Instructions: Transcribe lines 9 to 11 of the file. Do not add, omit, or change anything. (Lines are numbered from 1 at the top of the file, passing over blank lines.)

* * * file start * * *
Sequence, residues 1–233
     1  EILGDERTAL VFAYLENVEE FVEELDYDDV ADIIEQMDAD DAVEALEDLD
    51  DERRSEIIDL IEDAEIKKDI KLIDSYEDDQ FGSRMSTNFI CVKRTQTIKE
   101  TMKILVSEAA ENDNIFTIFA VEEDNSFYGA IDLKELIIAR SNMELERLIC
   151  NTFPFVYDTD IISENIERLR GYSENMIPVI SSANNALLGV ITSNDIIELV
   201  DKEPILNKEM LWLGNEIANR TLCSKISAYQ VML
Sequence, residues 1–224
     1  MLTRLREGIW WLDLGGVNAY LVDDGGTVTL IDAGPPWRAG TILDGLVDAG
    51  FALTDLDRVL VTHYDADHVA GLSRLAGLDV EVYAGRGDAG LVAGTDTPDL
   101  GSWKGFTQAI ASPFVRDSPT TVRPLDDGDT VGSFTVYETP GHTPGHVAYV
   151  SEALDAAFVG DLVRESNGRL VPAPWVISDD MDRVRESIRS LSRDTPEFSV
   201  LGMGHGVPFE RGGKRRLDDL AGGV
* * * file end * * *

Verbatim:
    51  FALTDLDRVL VTHYDADHVA GLSRLAGLDV EVYAGRGDAG LVAGTDTPDL
   101  GSWKGFTQAI ASPFVRDSPT TVRPLDDGDT VGSFTVYETP GHTPGHVAYV
   151  SEALDAAFVG DLVRESNGRL VPAPWVISDD MDRVRESIRS LSRDTPEFSV